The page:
The Court of Appeal has recently considered this question, albeit at a very preliminary level.1
In 2006, the Grey District Council built an aquatic centre in Greymouth. Unfortunately, the roof of the centre was built with deficiencies. Untreated timber was used for the roof beams and at the point where aluminium and steel fixings were attached to the beams, the steel nails had corroded.
The council sued its engineering company, a second engineering company (engaged by the first engineers to peer review the construction design), and an employee of the second engineering company who issued a producer statement for design to the council (the "defendants").
The council sued the defendants in tort for the cost of the repairs. That is, the council alleged that the defendants owed the council a duty to exercise reasonable skill and care in the design and construction of the aquatic centre and that the defendants were negligent in not performing that duty, because of the roof defects. The defendants weren't sued for breach of any contract.
The council didn't sue the builder with whom it had a construction contract. That contract incorporated the Conditions of Contract for Building and Civil Engineering Construction (NZS 3910:2003), commonly used in commercial construction contracts.
The defendants, though, joined the builder to the proceedings. They alleged that the builder also owed the council a duty to exercise reasonable skill and care during the construction, in addition to the builder's obligations under the contract. The reason the defendants joined the builder to the proceedings was that if they were all found to have breached that duty and were negligent, then liability would be shared between the defendants and the builder.2
The builder objected before the High Court to being joined and the High Court agreed with the builder.3 The defendants appealed that decision to the Court of Appeal.
It's important to bear in mind that the joinder application didn't require the Court to decide whether the builder was in fact negligent, i.e. whether it did in fact owe the particular duty of care in tort, outside of, or in addition to, the terms of its contract with the council. Such a decision could only be made at a full trial at a later stage. At this stage, the court simply needed to decide whether there was an arguable case so the court only had limited information before them for that purpose.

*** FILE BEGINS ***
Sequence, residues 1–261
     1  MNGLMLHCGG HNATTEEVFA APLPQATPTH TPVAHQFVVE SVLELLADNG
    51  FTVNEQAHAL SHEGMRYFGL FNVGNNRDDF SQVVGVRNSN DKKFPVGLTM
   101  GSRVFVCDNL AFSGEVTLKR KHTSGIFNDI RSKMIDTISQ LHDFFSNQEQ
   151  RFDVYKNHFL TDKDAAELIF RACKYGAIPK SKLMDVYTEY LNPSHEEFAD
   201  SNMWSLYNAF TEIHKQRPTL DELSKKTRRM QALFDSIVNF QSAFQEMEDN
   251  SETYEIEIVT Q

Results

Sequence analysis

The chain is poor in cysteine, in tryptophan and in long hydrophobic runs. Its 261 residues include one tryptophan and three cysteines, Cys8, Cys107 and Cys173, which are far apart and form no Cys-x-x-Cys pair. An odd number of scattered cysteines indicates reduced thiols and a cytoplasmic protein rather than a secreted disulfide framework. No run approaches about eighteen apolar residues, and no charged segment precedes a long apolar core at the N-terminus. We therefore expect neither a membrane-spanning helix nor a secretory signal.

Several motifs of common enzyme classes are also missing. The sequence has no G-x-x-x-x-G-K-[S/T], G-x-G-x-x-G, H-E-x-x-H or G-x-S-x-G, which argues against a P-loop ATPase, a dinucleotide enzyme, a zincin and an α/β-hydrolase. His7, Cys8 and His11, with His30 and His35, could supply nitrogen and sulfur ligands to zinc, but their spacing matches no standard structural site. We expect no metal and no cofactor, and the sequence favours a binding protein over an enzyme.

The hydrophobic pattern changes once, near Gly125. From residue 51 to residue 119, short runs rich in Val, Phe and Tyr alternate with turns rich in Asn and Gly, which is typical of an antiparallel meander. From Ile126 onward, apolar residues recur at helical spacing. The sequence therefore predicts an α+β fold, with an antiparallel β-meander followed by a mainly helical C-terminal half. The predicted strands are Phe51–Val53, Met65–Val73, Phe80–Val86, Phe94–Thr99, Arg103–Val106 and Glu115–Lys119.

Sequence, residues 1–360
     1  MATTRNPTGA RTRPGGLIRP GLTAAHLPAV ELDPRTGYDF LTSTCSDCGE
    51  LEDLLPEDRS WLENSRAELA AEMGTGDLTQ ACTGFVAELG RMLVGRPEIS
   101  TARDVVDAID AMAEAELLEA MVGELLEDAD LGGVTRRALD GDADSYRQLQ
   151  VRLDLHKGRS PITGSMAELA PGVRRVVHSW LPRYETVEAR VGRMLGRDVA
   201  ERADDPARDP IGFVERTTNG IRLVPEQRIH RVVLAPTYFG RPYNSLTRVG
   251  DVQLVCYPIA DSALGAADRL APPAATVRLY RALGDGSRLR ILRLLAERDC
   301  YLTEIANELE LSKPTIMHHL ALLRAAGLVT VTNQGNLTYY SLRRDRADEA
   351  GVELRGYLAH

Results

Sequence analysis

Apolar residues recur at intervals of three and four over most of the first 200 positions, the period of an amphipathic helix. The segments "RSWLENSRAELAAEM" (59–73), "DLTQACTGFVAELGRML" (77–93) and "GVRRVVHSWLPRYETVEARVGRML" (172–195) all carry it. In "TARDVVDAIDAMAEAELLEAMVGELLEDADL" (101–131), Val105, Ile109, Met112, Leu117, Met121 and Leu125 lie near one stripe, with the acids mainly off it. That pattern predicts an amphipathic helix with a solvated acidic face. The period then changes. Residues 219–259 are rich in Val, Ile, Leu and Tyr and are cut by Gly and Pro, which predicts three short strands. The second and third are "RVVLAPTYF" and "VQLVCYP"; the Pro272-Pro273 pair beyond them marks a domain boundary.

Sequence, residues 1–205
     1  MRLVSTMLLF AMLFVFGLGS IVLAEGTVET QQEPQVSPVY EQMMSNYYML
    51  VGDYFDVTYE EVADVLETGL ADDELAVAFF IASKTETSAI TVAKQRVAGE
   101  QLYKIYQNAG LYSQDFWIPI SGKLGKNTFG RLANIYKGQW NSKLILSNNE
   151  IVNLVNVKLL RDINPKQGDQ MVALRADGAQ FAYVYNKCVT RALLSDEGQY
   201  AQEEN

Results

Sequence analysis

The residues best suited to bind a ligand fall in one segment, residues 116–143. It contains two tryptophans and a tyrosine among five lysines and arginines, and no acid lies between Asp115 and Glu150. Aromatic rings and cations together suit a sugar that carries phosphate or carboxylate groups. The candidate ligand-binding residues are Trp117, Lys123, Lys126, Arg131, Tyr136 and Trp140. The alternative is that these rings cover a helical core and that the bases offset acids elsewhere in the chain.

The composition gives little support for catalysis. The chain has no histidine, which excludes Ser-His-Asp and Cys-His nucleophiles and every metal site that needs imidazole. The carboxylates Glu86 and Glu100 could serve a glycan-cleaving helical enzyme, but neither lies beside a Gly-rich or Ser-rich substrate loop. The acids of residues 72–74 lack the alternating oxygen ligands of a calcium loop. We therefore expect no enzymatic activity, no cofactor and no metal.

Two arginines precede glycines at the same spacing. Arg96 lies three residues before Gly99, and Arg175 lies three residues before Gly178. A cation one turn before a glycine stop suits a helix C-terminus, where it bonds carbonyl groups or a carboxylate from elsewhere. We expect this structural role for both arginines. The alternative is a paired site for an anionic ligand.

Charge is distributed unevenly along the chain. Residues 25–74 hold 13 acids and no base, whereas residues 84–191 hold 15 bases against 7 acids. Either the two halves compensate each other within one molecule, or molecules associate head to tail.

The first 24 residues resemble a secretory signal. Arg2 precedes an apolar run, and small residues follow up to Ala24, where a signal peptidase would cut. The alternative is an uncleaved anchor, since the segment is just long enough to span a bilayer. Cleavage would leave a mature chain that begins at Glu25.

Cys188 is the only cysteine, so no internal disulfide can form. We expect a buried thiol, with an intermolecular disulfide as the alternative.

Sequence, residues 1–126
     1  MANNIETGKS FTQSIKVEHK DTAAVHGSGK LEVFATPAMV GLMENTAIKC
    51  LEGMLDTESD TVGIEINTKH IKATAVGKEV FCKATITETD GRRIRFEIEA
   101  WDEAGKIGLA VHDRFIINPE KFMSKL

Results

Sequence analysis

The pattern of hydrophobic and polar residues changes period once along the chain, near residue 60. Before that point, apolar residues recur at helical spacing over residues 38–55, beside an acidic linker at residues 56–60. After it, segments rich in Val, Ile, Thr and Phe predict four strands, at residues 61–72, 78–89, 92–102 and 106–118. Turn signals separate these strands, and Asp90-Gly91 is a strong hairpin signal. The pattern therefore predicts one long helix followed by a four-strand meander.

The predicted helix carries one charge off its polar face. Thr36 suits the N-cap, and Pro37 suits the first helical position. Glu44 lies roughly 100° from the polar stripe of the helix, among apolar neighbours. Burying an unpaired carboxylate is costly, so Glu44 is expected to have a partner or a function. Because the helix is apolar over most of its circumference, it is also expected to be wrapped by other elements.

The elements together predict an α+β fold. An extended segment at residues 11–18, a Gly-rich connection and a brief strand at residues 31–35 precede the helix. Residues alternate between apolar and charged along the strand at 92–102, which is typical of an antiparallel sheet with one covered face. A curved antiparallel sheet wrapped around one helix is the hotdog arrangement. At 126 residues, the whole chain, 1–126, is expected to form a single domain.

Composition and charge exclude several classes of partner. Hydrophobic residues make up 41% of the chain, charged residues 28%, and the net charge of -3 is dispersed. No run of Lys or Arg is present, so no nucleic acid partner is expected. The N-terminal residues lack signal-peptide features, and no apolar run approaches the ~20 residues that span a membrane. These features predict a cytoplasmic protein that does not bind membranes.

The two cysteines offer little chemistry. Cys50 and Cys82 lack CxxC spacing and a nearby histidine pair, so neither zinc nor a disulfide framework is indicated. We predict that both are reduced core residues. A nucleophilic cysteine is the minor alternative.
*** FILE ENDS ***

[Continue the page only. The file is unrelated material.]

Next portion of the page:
The Court of Appeal believed that it was possible that the builder could owe the council a duty in tort to exercise reasonable skill and care in the building's construction.4 The Court then looked closely at the terms of the builder's contract with the council to see if they excluded such a duty. Remember that the terms of contract are common in the construction industry.
The contract did not specifically exclude the builder's liability in negligence. The Court found that the builder's potential liability under the contract was really no less than an obligation to exercise reasonable skill and care. The contract required the builder to act in a 'tradesman-like' manner. This was consistent with its tortious duty.
The contract did contain some provisions which protected the builder, including that the builder was not responsible for the design and was required to follow engineer instructions. But the Court could not say that those protections would be eroded by imposing a duty of care in tort. This was because the builder's conduct, which the defendants alleged was negligent, did not strictly relate to any design or engineer instruction issues.
The Court of Appeal therefore upheld the appeal and directed that the builder should be joined to the proceedings as a third party.
While the decision is only a preliminary one, the Court of Appeal's analysis of the standard form construction contract makes for important reading. The outcome at trial (unless the parties reach an out of court settlement) will be an interesting one for the construction industry for the apportionment of liability between the parties responsible for design and construction, and the treatment of the contract and tortious duties.
1Blain v Evan Jones Construction Limited  NZCA 680
2At law, if the council sued the builder in contract for the same loss (i.e. the cost to repair the roof), the builder would not have to contribute to the liability of the defendants, who were sued by the council in tort, so the cost of the defendants' liability as between themselves (not to the council) wouldn't be able to be reduced.
3Grey District Council v Blain  NZHC 522
4The Court referred to the recent Supreme Court decision in Body Corporate No 207624 v North Shore City Council (Spencer on Byron)  NZSC 83 that unsettled the previously long-held view that, at law, a builder of a commercial building (perhaps such as the aquatic centre) did not owe a tortious duty of care to the building owner.
The content of this article is intended to provide a general guide to the subject matter. Specialist advice should be sought about your specific circumstances.